mouthfeel 3/5. medium body, medium-light carbonation, slight late astringency, no overt alcohol.

The judge mentions CO2 being on the low side, so that's definitely a problem. The slight astringency could be due to hops and/or minerals such as sulfates which can enhance perception of hop dryness. As long as your mash technique is good I wouldn't beat yourself up about it.

overall 7/10. very nice, almost amber-ish in impression, and slightly astringent in the finish but still tasty.

No suggestions for feedback here from the judge, unless you've edited the comments. That's very bad form on the judge's part.

My guess here is that the judge was impressed by the malt character, although he didn't say much about it in the flavor and aroma sections where it belongs. If malt character was dominant in what's basically a strong Rye IPA, that might mean that you're not getting as much hop character as you want. Or, it could just be referring to the rather chewy, slightly caramel malt character underlying high hopping levels.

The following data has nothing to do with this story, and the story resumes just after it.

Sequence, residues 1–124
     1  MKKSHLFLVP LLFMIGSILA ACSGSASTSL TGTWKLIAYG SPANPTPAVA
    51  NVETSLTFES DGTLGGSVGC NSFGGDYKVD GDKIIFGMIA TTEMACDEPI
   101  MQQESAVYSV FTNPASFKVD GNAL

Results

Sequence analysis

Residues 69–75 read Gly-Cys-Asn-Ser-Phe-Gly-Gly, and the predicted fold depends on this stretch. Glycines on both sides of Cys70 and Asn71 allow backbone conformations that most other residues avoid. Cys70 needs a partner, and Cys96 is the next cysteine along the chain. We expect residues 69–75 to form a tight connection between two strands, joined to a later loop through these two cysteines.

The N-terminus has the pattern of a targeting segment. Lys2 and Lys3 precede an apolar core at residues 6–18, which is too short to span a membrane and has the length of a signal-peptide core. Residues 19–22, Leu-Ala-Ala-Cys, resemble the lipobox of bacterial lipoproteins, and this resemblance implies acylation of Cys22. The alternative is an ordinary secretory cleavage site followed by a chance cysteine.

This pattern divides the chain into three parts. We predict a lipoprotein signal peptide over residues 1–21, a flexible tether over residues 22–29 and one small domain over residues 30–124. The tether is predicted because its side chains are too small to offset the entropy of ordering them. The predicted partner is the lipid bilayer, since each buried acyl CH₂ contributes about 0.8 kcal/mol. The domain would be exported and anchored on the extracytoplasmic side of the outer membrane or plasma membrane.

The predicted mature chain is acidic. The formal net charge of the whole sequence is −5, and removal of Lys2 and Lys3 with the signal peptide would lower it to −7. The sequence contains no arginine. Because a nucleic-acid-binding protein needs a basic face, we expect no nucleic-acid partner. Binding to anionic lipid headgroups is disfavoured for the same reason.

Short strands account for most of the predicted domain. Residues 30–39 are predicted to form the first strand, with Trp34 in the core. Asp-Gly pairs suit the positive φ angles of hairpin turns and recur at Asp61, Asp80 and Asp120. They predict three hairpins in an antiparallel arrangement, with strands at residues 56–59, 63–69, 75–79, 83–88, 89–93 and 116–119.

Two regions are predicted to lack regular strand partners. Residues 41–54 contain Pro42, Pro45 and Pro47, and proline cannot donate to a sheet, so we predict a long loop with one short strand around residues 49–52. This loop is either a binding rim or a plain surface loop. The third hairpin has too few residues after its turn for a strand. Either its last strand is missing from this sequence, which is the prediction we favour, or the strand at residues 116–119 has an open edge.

total 30/50 (not sure why, the above adds up to 32).  none of the descriptor definitions with checked off.

The judge didn't add his score right. It happens. Give yourself the benefit of the doubt and call it a 32.

My ignorant guess is that you could bring up bittering hops (or, rather, bittering IBU - less green stuff, more alphas to reduce hop astringency) by 0.5 to 1 oz. and perhaps add 0.5 to 1 oz. of dry hops in secondary.

Also, if you're consistently getting extract yields below 60% range, you're doing something wrong with your mashing technique.
This could be something as simple as not mashing for long enough (go for 30-60 minutes), a mash tun that loses too much heat during mashing (unlikely, though with your setup), not sparging long enough (go for a long, slow runoff - 30+ minutes) or poor grain crush (are you using a Corona mill?)